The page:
| A closed stall at the fair on Saturday. Picture by Sanjoy Chattopadhyaya
Calcutta, Jan. 29: Today's closure came as a blessing in disguise for the organisers of Calcutta Book Fair.
For once, almost all agencies engaged to ensure safety of the country's biggest book fair ' including the fire services, the CESC and the PWD ' got an opportunity to pick on the loopholes and plug them to prevent a re-run of the 1997 disaster that reduced the fair to ashes.
'We noticed some discrepancies and the organisers have been asked to act on it overnight. On Sunday, when the gates open, things should be perfectly in shape. However, I must warn that as the fair is being held on a temporary site, we would be forced to close it if it rains heavily again. Nevertheless, it was good that the entire area was scanned,' said Pratim Chatterjee, the fire services minister.
The weather office said tonight 'the sky is likely to be cloudy' on Sunday.
One of the flaws that surfaced during today's recce was lack of personnel to handle fire extinguishers in case of an emergency. Yesterday, when a spark flashed at the western end of the fair ground, there was no one to use the extinguishers till the organisers called two senior fire service officials who broke open a cylinder and stamped out the fire.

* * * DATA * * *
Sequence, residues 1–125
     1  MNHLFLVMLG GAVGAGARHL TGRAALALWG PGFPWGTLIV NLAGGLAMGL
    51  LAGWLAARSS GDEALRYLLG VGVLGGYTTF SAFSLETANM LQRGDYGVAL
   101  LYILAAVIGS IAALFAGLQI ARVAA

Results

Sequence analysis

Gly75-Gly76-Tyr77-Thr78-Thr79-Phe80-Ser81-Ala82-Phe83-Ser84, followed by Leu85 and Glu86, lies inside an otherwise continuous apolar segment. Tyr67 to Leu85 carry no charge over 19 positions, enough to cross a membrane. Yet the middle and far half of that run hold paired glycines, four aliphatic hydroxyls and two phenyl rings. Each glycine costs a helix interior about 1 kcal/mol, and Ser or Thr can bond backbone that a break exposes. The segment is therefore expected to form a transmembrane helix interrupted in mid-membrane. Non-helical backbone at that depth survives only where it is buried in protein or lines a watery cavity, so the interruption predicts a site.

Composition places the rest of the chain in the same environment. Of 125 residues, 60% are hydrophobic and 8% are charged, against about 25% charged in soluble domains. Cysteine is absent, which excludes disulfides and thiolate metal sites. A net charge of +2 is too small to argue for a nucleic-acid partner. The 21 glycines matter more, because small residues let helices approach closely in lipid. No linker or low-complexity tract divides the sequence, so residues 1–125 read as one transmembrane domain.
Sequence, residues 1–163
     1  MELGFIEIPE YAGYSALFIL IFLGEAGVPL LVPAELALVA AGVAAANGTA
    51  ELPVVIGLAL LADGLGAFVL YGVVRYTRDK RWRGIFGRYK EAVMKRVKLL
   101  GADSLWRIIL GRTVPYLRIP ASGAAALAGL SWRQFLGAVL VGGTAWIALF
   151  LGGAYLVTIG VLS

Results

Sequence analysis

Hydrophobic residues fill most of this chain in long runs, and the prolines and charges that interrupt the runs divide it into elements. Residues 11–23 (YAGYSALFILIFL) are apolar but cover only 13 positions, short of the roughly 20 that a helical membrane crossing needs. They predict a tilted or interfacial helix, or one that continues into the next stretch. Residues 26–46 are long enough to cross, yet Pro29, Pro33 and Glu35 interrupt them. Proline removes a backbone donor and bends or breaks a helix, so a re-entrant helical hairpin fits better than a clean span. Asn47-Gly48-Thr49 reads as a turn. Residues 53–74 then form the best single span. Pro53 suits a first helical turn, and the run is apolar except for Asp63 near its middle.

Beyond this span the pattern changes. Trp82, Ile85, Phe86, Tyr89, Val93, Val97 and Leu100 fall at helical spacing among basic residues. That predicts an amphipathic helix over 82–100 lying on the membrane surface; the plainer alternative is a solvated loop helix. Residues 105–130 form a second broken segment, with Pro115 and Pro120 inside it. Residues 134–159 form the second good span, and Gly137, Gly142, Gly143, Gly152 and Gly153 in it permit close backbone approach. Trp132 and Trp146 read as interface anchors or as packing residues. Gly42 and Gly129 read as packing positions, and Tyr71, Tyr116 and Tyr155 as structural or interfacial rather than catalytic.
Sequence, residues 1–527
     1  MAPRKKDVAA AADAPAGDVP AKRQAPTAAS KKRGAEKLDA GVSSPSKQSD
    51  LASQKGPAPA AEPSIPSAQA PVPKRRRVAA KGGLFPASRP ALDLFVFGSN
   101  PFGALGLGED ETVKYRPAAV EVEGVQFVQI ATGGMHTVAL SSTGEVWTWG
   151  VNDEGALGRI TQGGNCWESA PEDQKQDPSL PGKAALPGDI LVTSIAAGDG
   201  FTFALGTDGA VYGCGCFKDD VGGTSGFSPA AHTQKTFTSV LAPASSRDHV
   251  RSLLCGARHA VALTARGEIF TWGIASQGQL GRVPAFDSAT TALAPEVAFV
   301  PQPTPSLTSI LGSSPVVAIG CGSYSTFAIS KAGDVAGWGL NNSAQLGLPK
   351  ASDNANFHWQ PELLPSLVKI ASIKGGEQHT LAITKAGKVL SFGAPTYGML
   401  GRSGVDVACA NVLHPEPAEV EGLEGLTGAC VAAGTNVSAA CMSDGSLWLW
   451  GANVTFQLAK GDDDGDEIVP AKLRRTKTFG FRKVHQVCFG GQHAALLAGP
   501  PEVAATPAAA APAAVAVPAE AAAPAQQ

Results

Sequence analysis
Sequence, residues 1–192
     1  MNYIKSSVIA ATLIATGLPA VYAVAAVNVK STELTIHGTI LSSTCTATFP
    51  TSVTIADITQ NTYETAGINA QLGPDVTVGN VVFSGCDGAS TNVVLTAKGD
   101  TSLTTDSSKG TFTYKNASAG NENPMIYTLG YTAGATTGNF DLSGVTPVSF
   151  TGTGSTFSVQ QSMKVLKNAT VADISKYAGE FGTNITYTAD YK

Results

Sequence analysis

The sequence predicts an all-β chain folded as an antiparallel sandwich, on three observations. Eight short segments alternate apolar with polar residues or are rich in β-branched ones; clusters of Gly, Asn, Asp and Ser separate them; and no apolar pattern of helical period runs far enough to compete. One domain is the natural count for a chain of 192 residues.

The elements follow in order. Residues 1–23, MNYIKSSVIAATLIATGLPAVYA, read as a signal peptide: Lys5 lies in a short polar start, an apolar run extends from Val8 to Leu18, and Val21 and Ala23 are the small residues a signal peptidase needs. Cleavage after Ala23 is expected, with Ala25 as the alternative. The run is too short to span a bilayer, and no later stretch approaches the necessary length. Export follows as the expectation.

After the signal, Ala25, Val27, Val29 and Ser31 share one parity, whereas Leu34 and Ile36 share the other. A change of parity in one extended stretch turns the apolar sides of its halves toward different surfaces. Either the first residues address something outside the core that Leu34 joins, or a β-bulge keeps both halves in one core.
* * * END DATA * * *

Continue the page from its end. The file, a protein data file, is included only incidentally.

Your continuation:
Rattled at this discovery, Chatterjee ' who accompanied chief minister Buddhadeb Bhattacharjee during his 45-minute stay at the fair today ' called upon the organisers to arrange for personnel trained to handle the extinguishers and not wait for firemen to arrive. 'We also asked the organisers to ensure that the interiors of every stall are scanned and the cable layouts examined,' Chatterjee said.
While admitting the lapses, the organisers claimed that this year, a company certified by the fire services department was hired for handling the extinguishers. 'We strove to adhere to norms. But it must be admitted that some of the ground contractors entrusted to build the stalls have not delivered well. We have already identified them and will act accordingly,' said Tridib Chatterjee, the secretary of the Publishers and Booksellers Guild, which organises the fair.
Surveys revealed some of the stalls were not done up with saal logs and, at places, the tin roof was not laid properly. Worse still, some of the decorators had not used fire retardant materials in keeping with the directives.
CESC and PWD engineers checked the cable layouts and water connections. An hour before the fair reopens, electrical engineers would conduct another round of checks.